What is fockjacking and trustjacking and how to protect yourself

Humble USB charging port can compromise your iPhone.


Connecting an unsecured iPhone or iPad to the new port may result in an unwanted infection. “Juice jacking” and “trustjacking” are two ways to contract digital diseases, but there are ways to protect yourself.

You may not have thought about cybersecurity before when charging your iPhone on the go, but this Lightning cable can transfer data as well as power. Here are possible vulnerabilities and ways to minimize the risks.

What is “juice jacking”?

Smartphones and tablets use the same port for charging and data transfer. “Juice jacking” exploits the possibility that the owner can plug their device into a malicious or compromised charging port, which can then be used to steal data from the device.

Earlier, iOS devices were more vulnerable to hacking, since authorization was not required to connect an iOS device to a PC. However, when iOS 7 was introduced in 2013, that was no longer the case.

How to prevent juice jacking

When you connect your iOS device to a computer, iOS 7 prompts you to “Trust this computer? Your settings and data will be available from this computer when connected via USB or Wi-Fi.” You can then select “Trust” or “Don't trust”.

The wording was later changed to “Allow this device to access photos and videos? This device will be able to access photos and videos as long as it is connected to your iPhone.” You can then select “Allow” or “Don't Allow”.

Always select “Do Not Allow” unless you are the owner of the computer.

If you select Do Not Allow, juice jacking cannot occur. If you see this message when you connect your device to a charge-only port, it is most likely an attacker attempting to transfer data or install malware.

While this — if rejected — effectively prevents juice hacking on iOS devices, a related vulnerability was discovered in 2017 called “trust hijacking”.

What is trustjacking?

Symantec, a cybersecurity software company, discovered a way by which another user can control the owner's iOS device over Wi-Fi, even if it is no longer connected to the malicious socket with a cable.

It works by using the iTunes Wi-Fi Sync feature, which (as the name suggests) allows you to sync your iOS device with the iTunes software on your computer over Wi-Fi when they're not physically connected to each other. .

Selecting Allow when connecting an iOS device with a cable allows the computer to communicate with it using the iTunes API. Although this method still depends on whether the owner trusts the connected computer, it allows an attacker to permanently control the device at a high level after the physical connection is broken.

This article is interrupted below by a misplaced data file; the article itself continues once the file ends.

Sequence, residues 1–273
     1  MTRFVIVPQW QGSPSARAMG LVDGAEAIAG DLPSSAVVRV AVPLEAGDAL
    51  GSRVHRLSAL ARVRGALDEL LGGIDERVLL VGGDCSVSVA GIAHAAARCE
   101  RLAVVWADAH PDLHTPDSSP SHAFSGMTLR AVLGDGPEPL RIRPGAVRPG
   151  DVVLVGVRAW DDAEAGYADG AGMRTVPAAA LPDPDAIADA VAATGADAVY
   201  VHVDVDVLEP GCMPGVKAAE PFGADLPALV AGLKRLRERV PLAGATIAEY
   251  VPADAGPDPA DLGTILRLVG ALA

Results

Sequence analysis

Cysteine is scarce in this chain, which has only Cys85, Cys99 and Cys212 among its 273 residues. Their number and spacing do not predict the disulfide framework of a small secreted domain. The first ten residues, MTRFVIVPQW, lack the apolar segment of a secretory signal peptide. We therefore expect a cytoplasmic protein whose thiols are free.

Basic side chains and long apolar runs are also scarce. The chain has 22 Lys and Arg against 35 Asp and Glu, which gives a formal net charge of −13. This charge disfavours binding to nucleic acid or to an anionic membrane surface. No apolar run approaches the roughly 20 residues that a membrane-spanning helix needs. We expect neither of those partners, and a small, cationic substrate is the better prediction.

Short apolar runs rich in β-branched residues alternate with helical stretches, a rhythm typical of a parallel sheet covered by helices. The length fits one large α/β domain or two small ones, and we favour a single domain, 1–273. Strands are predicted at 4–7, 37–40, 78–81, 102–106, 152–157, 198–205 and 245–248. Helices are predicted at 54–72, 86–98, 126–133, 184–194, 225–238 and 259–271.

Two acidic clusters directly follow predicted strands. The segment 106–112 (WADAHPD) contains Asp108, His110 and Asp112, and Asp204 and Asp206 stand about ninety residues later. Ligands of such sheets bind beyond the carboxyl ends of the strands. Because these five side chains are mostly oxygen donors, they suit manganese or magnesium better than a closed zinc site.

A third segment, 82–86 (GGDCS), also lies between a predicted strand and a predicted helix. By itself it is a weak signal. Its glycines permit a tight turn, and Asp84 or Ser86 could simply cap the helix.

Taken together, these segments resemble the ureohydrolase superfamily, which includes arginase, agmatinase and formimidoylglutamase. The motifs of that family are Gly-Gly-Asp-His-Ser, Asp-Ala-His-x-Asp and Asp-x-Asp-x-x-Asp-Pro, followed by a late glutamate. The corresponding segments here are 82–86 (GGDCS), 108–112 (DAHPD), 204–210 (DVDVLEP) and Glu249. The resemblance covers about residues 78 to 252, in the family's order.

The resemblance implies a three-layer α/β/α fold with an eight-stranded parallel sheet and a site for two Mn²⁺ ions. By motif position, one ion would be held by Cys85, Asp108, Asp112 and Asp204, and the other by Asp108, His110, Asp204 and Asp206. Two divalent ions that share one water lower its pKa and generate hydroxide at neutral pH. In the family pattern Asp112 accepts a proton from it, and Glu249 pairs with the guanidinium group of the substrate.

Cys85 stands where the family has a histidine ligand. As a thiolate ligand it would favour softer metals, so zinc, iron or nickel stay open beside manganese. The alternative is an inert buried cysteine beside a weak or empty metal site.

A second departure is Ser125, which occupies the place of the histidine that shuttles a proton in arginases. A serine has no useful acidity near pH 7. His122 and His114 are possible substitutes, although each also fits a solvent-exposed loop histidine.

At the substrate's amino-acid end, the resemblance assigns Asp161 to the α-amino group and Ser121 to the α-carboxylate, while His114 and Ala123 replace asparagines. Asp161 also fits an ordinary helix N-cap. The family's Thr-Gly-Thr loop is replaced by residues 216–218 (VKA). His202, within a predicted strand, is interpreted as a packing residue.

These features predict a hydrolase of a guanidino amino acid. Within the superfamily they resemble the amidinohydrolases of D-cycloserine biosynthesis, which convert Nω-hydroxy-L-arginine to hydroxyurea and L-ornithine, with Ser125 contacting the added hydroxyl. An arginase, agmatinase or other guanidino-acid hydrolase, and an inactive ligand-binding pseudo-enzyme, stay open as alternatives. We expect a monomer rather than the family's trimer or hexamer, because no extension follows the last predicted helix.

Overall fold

Trustjacking allows an attacker to backup iTunes and install apps, all without the owner's notification or consent. Extracted backups may include iMessage & SMS chats as well as application data. In addition, applications installed on the device can be secretly replaced with malicious ones that can collect sensitive information and user activity data.

Although the use of iTunes Wi-Fi Sync is limited when the computer and iOS device are connected to the same Wi-Fi network, trustjacking can potentially be combined with a malicious profile attack and the use of a VPN. to maintain constant access. However, the risk of this occurring is low and only applies to devices enrolled in an organization's MDM program.

Apple's response to trustjacking

To mitigate the problem of unauthorized access, Apple introduced an additional step with the release of iOS 11 in 2017. This added a requirement to enter a device password when Allow is selected to ensure that only the owner of the iOS device can authorize the data connection.

However, if authorized, this still does not stop iOS device management by iTunes Wi-Fi sync after unplugging the cable, and does not warn the user of this possibility, so the vulnerability was only partially addressed.

How to reduce the risk of trustjacking

As far as we can tell, trust breaches continue to be a risk for all iOS and iPadOS devices. Fortunately, there are several ways to minimize this risk as a device owner.

Firstly, if you suspect that an unwanted computer has access to your device, you can revoke access to all trusted computers. After that, you will need to re-authorize all computers to which you want to connect your device.

  1. Go to Settings
  2. Click Transfer or reset iPhone/iPad
  3. Click Reset
  4. Select Reset location and amp; Privacy
  5. Then enter your device password to confirm.

You can also encrypt your iTunes backups to prevent potential attackers from reading the information. To do this, connect your device to a computer you trust.

How to encrypt local backing up your iPhone

  1. For Mac computers, open Finder, and for Windows PCs, open iTunes.
  2. > On the General or Summary tab, navigate to the Backups section.
  3. Check Encrypt local backup.

Finally, remember that a data connection is not required if you just want to charge your iPhone or iPad, so always select Don't allow if you don't send data. And if you're not the owner of the computer you're using, it's probably best to revoke access after you're done.

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